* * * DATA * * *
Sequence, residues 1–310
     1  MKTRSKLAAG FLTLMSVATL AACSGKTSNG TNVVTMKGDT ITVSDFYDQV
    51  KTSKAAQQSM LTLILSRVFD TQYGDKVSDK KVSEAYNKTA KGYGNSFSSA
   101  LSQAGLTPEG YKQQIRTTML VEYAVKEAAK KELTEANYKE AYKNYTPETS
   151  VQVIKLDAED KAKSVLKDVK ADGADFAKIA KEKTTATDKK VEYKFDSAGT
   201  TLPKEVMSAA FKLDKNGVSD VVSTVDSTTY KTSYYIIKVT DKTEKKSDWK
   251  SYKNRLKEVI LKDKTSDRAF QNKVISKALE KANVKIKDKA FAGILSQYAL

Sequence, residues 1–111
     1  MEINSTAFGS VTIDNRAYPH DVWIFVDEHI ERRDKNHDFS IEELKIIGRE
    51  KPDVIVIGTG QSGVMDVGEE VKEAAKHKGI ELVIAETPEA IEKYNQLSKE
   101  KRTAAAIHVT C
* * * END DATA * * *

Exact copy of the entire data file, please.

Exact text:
Sequence, residues 1–310
     1  MKTRSKLAAG FLTLMSVATL AACSGKTSNG TNVVTMKGDT ITVSDFYDQV
    51  KTSKAAQQSM LTLILSRVFD TQYGDKVSDK KVSEAYNKTA KGYGNSFSSA
   101  LSQAGLTPEG YKQQIRTTML VEYAVKEAAK KELTEANYKE AYKNYTPETS
   151  VQVIKLDAED KAKSVLKDVK ADGADFAKIA KEKTTATDKK VEYKFDSAGT
   201  TLPKEVMSAA FKLDKNGVSD VVSTVDSTTY KTSYYIIKVT DKTEKKSDWK
   251  SYKNRLKEVI LKDKTSDRAF QNKVISKALE KANVKIKDKA FAGILSQYAL

Sequence, residues 1–111
     1  MEINSTAFGS VTIDNRAYPH DVWIFVDEHI ERRDKNHDFS IEELKIIGRE
    51  KPDVIVIGTG QSGVMDVGEE VKEAAKHKGI ELVIAETPEA IEKYNQLSKE
   101  KRTAAAIHVT C